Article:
The pros and cons of the PSA prostate cancer test


DEAR DR. DONOHUE: I am 82. At this late stage, I am now being told that a PSA test (that I’ve always had and always passed well within limits) is no longer recommended.

What is a guy to do? Early detection has always been encouraged, so how am I to know if I will need treatment? — F.O.

ANSWER: The value of the PSA (prostate specific antigen) for the detection of prostate cancer has aroused a great deal of discussion and debate. Your premise about the early detection of cancer is true for most cancers. It isn’t always true for all the forms of prostate cancer.

PSA isn’t a perfect test. It can yield normal results when a man has prostate cancer. It can yield abnormal results when a man’s cancer requires no treatment or when no cancer is present. A high proportion of older men — perhaps as many as 90 percent of men in their 80s — have areas of prostate cancer in their gland. Quite frequently, that cancer is the kind that grows slowly and doesn’t lead to death. However, a high PSA almost always is followed by a prostate biopsy and often a form of treatment — surgery or radiation. The complications of treatment can be worse than having a low-grade prostate cancer. Loss of bladder control, erectile dysfunction and radiation burns are some of those complications.

Your doctor has advised against continued testing for the above reasons. Screening benefits younger men and men at great risk of developing prostate cancer. Black men are more likely to have it than are white men.

Some authorities feel that only men with a life expectancy of 10 or more years ought to have regular PSA tests. All medical professionals encourage men to discuss the pros and cons of PSA testing with their doctor. If you feel anxious about not having the test, you can request that one be done.

The booklet on the prostate gland discusses prostate cancer and prostate enlargement in depth. To obtain a copy, write: Dr. Donohue — No. 1001, Box 536475, Orlando, FL 32853-6475. Enclose a check or money order (no cash) for $4.75 U.S./$6 Can. with the recipient’s printed name and address. Allow four weeks for delivery.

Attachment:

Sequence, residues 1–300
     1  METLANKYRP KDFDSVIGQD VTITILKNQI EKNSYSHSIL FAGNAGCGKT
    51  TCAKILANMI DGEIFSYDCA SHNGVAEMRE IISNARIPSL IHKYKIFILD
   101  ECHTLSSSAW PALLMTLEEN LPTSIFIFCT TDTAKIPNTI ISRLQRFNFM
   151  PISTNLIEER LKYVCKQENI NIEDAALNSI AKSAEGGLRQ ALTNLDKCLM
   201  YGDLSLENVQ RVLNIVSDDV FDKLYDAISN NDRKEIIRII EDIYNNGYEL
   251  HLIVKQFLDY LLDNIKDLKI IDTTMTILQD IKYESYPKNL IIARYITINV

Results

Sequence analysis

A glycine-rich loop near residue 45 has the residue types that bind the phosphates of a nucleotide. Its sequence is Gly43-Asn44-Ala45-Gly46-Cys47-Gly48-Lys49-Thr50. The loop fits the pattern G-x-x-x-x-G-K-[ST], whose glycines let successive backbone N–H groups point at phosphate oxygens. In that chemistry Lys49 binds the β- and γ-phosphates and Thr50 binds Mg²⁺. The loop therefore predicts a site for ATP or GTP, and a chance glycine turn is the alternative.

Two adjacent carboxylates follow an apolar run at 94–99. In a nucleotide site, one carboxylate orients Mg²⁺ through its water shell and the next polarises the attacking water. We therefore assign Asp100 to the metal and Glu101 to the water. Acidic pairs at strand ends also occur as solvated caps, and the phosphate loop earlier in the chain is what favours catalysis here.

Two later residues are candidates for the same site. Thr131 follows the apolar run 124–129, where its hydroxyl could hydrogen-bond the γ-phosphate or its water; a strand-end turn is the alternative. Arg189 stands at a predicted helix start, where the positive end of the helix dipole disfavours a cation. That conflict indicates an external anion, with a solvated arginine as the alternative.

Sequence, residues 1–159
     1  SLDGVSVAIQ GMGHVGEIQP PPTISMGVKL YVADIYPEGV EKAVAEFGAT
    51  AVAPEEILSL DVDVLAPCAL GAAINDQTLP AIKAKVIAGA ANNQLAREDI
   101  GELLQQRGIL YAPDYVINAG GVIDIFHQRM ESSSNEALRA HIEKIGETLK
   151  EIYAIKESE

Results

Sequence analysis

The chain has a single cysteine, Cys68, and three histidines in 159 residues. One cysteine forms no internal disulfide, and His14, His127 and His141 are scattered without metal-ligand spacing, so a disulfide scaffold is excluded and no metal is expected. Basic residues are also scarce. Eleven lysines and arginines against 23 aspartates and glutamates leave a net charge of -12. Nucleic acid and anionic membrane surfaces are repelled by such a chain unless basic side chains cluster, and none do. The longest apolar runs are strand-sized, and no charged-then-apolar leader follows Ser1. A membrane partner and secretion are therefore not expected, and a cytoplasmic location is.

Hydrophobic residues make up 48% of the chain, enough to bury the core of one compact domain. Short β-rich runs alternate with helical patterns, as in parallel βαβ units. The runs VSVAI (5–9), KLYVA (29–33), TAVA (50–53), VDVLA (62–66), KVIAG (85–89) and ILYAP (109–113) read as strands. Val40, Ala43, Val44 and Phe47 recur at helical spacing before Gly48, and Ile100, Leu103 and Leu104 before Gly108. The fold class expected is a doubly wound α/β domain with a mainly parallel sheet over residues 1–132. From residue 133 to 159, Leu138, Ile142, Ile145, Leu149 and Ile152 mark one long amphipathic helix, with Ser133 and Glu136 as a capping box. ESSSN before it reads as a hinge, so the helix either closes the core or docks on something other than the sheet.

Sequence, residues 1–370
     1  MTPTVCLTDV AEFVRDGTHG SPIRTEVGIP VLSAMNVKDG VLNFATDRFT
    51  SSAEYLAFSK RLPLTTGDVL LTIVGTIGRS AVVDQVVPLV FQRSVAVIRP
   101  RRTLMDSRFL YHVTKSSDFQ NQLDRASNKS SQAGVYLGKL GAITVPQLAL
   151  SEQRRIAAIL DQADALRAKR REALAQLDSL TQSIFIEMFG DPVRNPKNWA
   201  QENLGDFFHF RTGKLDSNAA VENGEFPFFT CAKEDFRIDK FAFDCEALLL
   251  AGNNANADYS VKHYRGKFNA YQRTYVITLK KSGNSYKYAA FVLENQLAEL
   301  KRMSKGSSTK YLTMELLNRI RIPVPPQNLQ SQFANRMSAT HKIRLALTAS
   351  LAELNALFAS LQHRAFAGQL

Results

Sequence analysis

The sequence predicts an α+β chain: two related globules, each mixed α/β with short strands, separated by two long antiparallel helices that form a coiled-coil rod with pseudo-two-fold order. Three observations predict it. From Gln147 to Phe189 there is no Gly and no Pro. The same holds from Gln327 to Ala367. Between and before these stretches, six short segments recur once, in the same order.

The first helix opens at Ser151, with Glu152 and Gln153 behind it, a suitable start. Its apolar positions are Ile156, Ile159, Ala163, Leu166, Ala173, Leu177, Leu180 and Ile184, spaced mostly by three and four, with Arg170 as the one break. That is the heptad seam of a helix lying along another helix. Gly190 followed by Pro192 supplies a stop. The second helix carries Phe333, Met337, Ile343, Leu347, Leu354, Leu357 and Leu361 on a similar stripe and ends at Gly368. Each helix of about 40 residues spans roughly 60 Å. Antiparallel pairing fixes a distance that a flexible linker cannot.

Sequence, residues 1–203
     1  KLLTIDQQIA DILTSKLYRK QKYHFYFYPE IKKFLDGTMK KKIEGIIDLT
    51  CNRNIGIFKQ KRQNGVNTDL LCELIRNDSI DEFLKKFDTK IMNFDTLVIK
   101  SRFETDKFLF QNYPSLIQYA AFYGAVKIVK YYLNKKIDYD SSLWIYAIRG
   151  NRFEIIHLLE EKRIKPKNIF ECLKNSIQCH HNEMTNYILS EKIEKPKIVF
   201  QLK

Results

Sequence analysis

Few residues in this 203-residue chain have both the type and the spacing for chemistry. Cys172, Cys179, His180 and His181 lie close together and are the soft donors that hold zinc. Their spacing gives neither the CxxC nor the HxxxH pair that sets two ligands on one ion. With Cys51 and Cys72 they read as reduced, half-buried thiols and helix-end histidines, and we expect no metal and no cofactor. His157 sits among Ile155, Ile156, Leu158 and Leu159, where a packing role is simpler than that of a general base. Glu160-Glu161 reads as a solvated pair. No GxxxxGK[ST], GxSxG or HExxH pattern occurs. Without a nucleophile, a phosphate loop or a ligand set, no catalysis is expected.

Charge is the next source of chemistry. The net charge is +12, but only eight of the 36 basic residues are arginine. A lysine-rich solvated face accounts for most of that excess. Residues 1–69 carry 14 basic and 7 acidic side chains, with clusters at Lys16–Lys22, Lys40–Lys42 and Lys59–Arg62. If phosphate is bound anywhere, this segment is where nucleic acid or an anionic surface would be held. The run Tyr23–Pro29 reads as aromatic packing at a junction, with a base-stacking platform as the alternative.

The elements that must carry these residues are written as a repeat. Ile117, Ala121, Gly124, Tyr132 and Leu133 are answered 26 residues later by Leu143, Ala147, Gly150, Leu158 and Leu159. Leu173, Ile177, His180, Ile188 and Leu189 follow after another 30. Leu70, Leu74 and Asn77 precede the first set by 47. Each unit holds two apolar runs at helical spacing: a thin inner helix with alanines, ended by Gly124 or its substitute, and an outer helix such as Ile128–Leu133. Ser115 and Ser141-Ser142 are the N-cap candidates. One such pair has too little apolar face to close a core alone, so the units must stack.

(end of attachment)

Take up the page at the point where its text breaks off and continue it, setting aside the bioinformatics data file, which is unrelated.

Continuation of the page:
DEAR DR. DONOHUE: Can a person get glasses if he has AIDS? How does it affect the eyes? — T.Y.

ANSWER: People with AIDS can get glasses.

In the days before effective AIDS treatment, a small number of patients experienced damage to the smallest blood vessels that feed the eye’s retina. In those days, eye infections from germs difficult to treat were common. These complications are seldom seen these days.

DEAR DR. DONOHUE: Will you please remind everyone of the importance of covering one’s mouth and nose during a sneeze and a cough? Most people do not bother to do so, and they spread their germs.

An uncovered sneeze or cough disseminates droplets containing germs in the air. I remind co-workers to cover their coughs and sneezes. Most of them roll their eyes or have a smart comeback.

Hand-washing is also important after blowing the nose, coughing or sneezing. We all would be much healthier if everyone practiced good hygiene. — P.H.

ANSWER: I’m with you, P.H.

If people don’t have a tissue or handkerchief to cover their sneezes and coughs, they should cough or sneeze into their elbows. Better the germs stay on their clothes than in the air. President Barack Obama gave a great demonstration of this during the past flu season.

Frequent hand-washing is important for coughers, sneezers and those who aren’t doing either.

Dr. Donohue regrets that he is unable to answer individual letters, but he will incorporate them in his column whenever possible. Readers may write him or request an order form of available health newsletters at P.O. Box 536475, Orlando, FL 32853-6475. Readers may also order health newsletters from